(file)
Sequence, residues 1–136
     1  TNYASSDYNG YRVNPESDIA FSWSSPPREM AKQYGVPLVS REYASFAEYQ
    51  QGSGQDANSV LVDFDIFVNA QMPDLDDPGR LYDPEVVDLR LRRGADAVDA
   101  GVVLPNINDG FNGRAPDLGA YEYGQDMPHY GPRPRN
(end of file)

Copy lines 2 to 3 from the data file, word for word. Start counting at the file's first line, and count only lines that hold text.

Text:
     1  TNYASSDYNG YRVNPESDIA FSWSSPPREM AKQYGVPLVS REYASFAEYQ
    51  QGSGQDANSV LVDFDIFVNA QMPDLDDPGR LYDPEVVDLR LRRGADAVDA